Unfortunately, the economic reform does not benefit the poor. The peasants and the workers belong to the most disadvantage group of the society, but the former wish the government land´s seizure needs to be recompensed adequately and the latter seek to reduce poverty with increased social welfare. The social unrests are growing but don’t pose a major threat to the regime.
As some intellectuals petitioned the government to review its policy unsuccessfully, much of blogger hopes for greater openness in expressing in different ways of the public concerns. Critics claim that they are not Democrats and have no unified theme. But these complaints miss the point. They are an alarm and an expression of civic duty, and understandably so. They may raise awareness and mobilize action, all for a good cause. However, the Internet cannot replace direct personal engagement and provide a robust basis for an opposition force.
At the present time, a lawless society is increasingly fragmented. Authoritative ideals and extractive institutions of a predatory state do not provide a palpable enough sense of democratic community. The process of democratization has not yet started. The participatory culture in the deliberative democracy is a developing story. The more complex issue is the human capital contribution to the change. Any disc}ussion of future must ultimately focus on the role of the young people. This is the cultural challenge facing the generation today.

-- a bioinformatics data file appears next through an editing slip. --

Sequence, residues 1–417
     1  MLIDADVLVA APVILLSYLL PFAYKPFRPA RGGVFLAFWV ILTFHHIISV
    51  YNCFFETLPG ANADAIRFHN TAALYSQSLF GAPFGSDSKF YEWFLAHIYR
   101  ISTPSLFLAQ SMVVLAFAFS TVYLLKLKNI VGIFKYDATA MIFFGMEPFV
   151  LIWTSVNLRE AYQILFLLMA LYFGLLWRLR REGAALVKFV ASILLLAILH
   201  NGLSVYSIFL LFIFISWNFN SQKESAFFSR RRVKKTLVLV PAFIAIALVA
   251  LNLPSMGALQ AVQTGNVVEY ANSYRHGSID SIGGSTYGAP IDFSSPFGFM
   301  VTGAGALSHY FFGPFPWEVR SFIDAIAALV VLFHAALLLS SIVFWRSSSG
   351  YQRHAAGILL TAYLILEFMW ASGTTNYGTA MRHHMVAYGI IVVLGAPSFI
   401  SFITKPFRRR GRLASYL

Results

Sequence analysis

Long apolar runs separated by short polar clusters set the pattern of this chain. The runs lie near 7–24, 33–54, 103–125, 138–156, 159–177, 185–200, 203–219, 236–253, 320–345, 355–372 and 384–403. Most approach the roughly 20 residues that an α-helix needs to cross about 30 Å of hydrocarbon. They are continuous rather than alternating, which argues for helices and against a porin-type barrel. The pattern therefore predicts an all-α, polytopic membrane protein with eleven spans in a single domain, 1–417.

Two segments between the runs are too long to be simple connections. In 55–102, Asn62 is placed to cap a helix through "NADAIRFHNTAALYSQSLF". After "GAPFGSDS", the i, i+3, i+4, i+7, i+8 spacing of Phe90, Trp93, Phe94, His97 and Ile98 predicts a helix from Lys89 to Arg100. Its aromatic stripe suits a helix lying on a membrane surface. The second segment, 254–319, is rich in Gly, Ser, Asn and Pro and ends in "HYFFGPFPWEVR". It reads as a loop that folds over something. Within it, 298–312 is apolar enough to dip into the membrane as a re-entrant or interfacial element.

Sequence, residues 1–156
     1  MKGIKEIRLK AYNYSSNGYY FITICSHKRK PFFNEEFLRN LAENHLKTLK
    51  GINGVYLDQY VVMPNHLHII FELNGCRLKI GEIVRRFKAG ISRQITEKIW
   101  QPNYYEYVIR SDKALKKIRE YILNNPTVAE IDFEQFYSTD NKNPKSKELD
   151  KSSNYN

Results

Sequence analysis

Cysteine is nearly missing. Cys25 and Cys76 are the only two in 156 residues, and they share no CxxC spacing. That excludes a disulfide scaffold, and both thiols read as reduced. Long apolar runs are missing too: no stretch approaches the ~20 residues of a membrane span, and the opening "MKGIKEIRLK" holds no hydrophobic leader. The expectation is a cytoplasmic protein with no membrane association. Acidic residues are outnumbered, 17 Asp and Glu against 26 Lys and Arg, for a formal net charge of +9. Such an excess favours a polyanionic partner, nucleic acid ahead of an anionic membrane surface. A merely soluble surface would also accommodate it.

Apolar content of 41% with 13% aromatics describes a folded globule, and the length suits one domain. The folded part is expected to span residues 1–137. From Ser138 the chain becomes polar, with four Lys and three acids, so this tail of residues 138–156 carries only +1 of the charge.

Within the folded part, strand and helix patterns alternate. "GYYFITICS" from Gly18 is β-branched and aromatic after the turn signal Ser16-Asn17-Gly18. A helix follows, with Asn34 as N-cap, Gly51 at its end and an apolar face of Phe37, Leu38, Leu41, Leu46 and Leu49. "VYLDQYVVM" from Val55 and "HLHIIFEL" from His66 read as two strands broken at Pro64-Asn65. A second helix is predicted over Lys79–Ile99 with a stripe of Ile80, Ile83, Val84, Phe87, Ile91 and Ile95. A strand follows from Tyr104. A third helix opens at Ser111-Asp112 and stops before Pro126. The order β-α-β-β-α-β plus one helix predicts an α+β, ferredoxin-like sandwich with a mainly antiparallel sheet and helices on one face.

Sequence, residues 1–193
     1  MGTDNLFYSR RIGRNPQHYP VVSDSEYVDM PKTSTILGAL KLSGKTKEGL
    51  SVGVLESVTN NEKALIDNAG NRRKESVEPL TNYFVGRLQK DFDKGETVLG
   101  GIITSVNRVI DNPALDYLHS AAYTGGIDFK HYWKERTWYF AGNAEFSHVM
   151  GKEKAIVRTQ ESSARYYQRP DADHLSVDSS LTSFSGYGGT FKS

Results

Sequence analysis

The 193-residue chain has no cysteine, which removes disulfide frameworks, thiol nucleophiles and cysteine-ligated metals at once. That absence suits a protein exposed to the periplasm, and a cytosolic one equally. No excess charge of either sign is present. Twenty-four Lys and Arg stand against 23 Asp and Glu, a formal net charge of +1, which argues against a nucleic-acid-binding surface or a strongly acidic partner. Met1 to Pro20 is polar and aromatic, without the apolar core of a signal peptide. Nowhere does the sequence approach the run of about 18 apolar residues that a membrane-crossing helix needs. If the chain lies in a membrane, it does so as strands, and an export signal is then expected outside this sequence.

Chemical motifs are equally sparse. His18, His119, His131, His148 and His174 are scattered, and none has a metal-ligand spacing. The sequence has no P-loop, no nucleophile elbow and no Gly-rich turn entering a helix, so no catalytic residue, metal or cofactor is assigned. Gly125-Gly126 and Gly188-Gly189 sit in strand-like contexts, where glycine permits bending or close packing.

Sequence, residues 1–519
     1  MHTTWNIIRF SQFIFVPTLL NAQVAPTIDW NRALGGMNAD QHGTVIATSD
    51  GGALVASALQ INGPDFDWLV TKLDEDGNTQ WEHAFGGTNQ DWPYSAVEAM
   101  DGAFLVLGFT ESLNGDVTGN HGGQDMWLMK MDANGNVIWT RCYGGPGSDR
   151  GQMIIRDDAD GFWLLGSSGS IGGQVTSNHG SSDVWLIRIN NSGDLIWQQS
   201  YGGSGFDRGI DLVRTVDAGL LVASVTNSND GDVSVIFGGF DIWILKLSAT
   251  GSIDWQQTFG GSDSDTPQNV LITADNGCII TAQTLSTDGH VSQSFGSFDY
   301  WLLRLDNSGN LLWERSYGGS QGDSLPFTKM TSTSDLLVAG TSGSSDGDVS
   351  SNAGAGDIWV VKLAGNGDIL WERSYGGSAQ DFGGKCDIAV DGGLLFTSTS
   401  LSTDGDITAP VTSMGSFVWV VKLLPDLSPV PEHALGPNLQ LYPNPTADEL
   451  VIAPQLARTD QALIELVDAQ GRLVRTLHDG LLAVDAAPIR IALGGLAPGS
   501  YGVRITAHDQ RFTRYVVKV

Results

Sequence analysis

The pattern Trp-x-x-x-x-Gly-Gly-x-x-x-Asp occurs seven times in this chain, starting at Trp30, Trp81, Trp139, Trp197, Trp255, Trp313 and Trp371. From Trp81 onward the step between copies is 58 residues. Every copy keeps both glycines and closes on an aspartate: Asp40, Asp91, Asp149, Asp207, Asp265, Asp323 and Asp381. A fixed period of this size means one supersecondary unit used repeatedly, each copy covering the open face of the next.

The post-war generation is relatively free from ideology and has no opportunity to recognize the meaning that lies at the heart of democracy. The government is filling young minds with the belief that anyone who disagrees is a reactionary attitude. It is considered to be morally incorrect.
As the few young are too sensitive to political grievances, the soil in which the majority plants the democratic seeds is fertilized with ignorance. Achieving such an understanding requires a comprehensive approach that moves beyond the present education system.
But lasting change depends on dealing with the root causes of political emotions. That is why we need to think of compassion, devotion, fear and ignorance as a reform strategy. The Party and people need more understanding and love for democratic change than ever before.
Everyone must take seriously the responsibility to accept the democratic value and educate young people to enhance faculties like attention, compassion, and empathy. More specifically, we aim at boosting prosocial motivation that would led to increased activity related to positive emotions and democratic affiliation. We promote pro-social behavior and a broader, less self-centered perspective that accounts for social interdependence. We start to inspire the Party and people to create a new foundation for the development of a more compassionate and democratic society. In so doing, we are capable of building sustainable economy and equitable and caring political system.
As long as the Party is indulging the most destructive drivers of human behavior and people has no incentive to meet their full potentials – and, thus, there is a little hope that we are likely to create a peaceful, prosperous and democratic society in which we all want to live.